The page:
@BPGlobalPR "Twitter-Gate" Shows That Even Digital Tools Have Rules

Even the niftiest digital tools still have rules if you're a professional reporter. And one of those rules is: tweets and retweets are often raw footage and need fact-checking.
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You probably missed it, but journalism died early last week. Again.

The latest obit was written by SF MuniFail blogger and design director Mike Monteiro. He was complaining about a CNET story from reporter Caroline McCarthy in which she outed Mike as the brilliantly satirical mystery tweeter, BPGlobalPR.

Only he isn't. McCarthy was wrong thanks to journalistic over-reliance on tweets and their evil offspring, retweets.

Monteiro could have been falsely accused of something worse. Every disaster needs a biting comic genius; the bigger the catastrophe, the more inspired the wit. BPGlobalPR is a truly funny send-up of the real, stumbling BP.

But instead of an interesting revelation, McCarthy's story turned into a blunt reminder that even the niftiest digital tools still have rules if you're a professional reporter. And one of those rules is: tweets and retweets are often raw footage and need fact-checking.

McCarthy had the poor taste to write her piece based on a retweet by Wired Magazine of a tweet from prolific Wired journalist Mat Honan unmasking his pal Monteiro as the Zorro-like BPGlobalPR. That's a lot of Twitter litter for one story.

"@Mike-FTW inked deal to publish book of his @BPGlobalPR tweets," Honan tweeted. Only he was joking. Monteiro wasn't BPGlobalPR. And McCarthy never contacted either guy to check it out before she pressed "send" on her story.

This is not the end of the world. Monteiro was accused of being a comic sensation and McCarthy made more confessions and apologies for her "one-time" error than Mark Sanford.

Most of us in the profession have been whacked on the knuckles a few times for failing to do enough checking. I almost went to press once with a great story about an international assassination plot involving world leaders and about six countries. Then I made a pesky last check and found out the whole thing sprang from the fertile imagination of a rural gunsmith from Arizona. If I'd been swimming in the ocean of social media back then, where real-time is prime time and sharing is easy, I might have released the fiction instead of the facts.

It's that fallibility thing journalists are so touchy about.

Still, for a few hours, the BPGlobalPR flap was an ugly Twitter pile-up on a journalistic two-lane black top with shards of hot metal and singed reputation strewn all over the highway.

The kindest description of it was a little cyber-bullying mixed with hissy fits that involved bright people but read like a middle school cafeteria brawl.

Monteiro showered McCarthy with taunts, calling her a "cornered paper tiger" who was "careless with people's lives and words," a "shame to the craft" and a "princess." Her irresponsible story was, yes, here it comes, "the death of journalism." Honan's words weren't as harsh, but he did shout his tweets in all caps: "WHEN SOMEONE EXPLICITLY SAYS IT'S A JOKE IT IS PROBABLY A JOKE."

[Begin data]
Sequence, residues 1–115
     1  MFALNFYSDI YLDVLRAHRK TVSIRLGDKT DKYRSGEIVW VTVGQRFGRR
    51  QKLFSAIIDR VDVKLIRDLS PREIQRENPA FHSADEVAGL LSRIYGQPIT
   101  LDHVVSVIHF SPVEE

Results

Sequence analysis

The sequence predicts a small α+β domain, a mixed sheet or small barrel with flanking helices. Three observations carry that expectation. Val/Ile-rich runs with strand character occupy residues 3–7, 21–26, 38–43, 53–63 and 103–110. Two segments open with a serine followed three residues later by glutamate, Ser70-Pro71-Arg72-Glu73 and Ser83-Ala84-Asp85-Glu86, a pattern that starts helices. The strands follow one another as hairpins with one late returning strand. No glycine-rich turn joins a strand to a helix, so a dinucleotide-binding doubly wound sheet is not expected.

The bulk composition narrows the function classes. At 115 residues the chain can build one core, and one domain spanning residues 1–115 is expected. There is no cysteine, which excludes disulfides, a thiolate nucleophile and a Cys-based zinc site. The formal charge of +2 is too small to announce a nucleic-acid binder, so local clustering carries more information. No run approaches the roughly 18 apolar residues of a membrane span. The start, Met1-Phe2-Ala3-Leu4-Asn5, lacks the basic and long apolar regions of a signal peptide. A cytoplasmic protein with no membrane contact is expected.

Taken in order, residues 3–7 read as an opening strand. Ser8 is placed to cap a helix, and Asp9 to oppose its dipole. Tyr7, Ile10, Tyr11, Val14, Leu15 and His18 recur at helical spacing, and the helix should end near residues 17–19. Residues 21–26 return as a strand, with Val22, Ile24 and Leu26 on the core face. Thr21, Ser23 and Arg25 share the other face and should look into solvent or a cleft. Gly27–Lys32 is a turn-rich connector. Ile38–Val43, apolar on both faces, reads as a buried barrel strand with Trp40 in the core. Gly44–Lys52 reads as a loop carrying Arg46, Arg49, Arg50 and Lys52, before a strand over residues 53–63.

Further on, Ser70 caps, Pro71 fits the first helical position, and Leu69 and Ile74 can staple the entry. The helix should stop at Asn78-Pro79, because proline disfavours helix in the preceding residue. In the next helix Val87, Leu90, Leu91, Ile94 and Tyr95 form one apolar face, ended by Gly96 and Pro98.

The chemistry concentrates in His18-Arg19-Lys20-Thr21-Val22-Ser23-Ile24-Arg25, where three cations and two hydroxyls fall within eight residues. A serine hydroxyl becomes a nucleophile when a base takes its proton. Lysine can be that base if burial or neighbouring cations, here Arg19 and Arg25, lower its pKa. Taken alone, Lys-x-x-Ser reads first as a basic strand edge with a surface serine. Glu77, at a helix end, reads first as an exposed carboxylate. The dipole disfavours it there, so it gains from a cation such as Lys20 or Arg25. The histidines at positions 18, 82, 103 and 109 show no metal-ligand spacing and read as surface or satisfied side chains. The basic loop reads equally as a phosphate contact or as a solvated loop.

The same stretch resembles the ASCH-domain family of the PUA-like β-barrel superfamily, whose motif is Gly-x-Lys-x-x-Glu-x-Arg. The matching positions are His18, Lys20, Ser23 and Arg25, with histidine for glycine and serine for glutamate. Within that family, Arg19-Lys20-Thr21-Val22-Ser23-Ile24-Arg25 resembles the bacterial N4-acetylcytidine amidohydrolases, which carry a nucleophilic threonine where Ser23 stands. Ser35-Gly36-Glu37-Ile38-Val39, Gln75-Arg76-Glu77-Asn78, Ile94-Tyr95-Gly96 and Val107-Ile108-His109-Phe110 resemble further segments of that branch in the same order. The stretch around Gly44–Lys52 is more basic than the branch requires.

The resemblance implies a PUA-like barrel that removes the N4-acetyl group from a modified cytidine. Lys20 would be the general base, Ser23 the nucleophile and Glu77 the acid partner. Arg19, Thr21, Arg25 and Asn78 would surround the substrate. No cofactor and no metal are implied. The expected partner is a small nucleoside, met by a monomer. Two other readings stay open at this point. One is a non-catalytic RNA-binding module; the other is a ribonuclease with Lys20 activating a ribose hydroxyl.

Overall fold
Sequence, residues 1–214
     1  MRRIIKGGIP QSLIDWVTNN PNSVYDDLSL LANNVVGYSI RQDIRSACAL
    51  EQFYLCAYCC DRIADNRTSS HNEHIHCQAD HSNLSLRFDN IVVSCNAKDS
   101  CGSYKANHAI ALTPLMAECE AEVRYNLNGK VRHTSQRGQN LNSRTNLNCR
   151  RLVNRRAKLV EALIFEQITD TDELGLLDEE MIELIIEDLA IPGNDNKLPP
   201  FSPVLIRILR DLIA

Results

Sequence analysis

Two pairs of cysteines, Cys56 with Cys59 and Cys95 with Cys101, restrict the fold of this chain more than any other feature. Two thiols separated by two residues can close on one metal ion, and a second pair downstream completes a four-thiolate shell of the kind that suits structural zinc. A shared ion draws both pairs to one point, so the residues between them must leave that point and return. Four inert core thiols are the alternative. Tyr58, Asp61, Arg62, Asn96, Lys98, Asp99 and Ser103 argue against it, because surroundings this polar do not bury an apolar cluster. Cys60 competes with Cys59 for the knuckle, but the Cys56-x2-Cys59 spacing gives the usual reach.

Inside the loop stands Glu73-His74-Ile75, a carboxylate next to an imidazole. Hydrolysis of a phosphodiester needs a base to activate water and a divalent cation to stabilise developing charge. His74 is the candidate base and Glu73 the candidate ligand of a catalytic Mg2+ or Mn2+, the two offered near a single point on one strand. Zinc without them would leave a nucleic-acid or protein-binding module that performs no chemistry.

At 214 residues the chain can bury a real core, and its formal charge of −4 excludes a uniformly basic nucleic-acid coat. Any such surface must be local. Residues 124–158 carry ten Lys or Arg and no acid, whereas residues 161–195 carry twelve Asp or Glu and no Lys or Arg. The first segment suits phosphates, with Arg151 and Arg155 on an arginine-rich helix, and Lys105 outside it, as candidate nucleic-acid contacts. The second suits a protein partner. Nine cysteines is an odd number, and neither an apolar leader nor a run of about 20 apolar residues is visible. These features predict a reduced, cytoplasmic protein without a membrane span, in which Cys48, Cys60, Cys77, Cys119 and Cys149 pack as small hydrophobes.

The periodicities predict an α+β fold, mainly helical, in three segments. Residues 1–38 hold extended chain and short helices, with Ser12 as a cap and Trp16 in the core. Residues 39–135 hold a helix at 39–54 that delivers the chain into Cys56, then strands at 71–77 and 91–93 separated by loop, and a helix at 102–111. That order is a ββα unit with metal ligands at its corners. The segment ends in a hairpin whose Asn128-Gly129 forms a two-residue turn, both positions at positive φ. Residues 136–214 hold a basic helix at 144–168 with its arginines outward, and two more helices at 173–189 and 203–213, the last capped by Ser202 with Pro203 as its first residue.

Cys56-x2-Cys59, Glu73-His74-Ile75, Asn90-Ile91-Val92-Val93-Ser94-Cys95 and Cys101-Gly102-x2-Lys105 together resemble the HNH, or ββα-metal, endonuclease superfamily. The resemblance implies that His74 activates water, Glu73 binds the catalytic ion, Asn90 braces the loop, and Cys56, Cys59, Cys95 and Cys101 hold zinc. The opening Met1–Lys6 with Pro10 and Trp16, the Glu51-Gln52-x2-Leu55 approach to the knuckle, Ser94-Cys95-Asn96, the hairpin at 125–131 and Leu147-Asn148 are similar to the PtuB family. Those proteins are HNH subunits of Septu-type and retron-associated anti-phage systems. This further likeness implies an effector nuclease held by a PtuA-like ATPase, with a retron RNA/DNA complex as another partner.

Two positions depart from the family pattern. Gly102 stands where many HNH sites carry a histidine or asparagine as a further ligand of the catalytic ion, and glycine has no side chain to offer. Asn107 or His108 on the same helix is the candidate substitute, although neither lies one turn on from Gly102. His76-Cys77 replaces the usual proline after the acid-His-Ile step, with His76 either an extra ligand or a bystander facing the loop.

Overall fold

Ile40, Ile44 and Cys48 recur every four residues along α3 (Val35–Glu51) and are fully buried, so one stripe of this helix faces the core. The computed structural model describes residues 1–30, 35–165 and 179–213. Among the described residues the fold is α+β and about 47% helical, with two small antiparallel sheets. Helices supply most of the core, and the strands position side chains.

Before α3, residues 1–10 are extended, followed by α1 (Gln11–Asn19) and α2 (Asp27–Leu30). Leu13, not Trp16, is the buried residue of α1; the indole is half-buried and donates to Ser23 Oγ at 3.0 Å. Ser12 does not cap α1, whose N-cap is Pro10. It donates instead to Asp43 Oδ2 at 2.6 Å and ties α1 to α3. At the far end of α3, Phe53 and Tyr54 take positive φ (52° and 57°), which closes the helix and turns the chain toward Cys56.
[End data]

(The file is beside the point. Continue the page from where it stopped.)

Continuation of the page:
Monteiro also threatened to photoshop McCarthy's head on one of the naked background bodies on his NSFW blog. Numerous other tweeters joined in, accusing her of "professional suicide" and worse.

Stuck in the internet stockade for everyone to see, McCarthy tried to be breezy - maybe too breezy, suggesting everyone should "chill" and "go for a beer." But she also apologized more times than Mark Sanford. "I was sloppy, I admit it," she tweeted. "I know I'm not the only journalist to have made this one time error." She said she was sorry about "being snotty," suggested people donate $10 to the Gulf relief effort instead of focusing on her weaknesses and asked, "what more do you want from me?"

What I want is a moral to the story and here it is:

Retweeting can be dangerous. It's a great tool for mass communication, but watch out for the consequences.

At first I thought this was another cautionary tale about digital speed killing accuracy. But it's not. A journalist didn't check her sources; they got mad. Period.

This is the same standard it's always been: verify information or you're a rumormonger (which can also be fun and more profitable than journalism). I re-learn the value of that lesson at least once a week.

I also continue to marvel at the miracles of Twitter and other tools.

Now, for instance, we can be real-time public voyeurs in a bitchfest that used take place in the quiet confessional between a reporter and her editor. That's good for democracy.

Who doesn't like to watch?

But then there's what website Jezebel.com calls "crowdsourcing revenge." Rap star M.I.A. tweeted to her over 100,000 followers the phone number of a New York Times reporter whose story about her she didn't like. And Above the Law blogger Kashmir Hill had her personal info posted on Craigslist, the adult section, by a disgruntled subject of a piece she wrote.

People have always been mad at journalists, writes Jezebel's Anna North. "But now it's easier than ever to turn rage into a full voicemail box."

Social media can and does cut both ways, either as a great cultural revelation or an avenging and angry mob. Be careful what you write and be particularly careful about what writing you retweet.

Now let's all chill and go have a beer.

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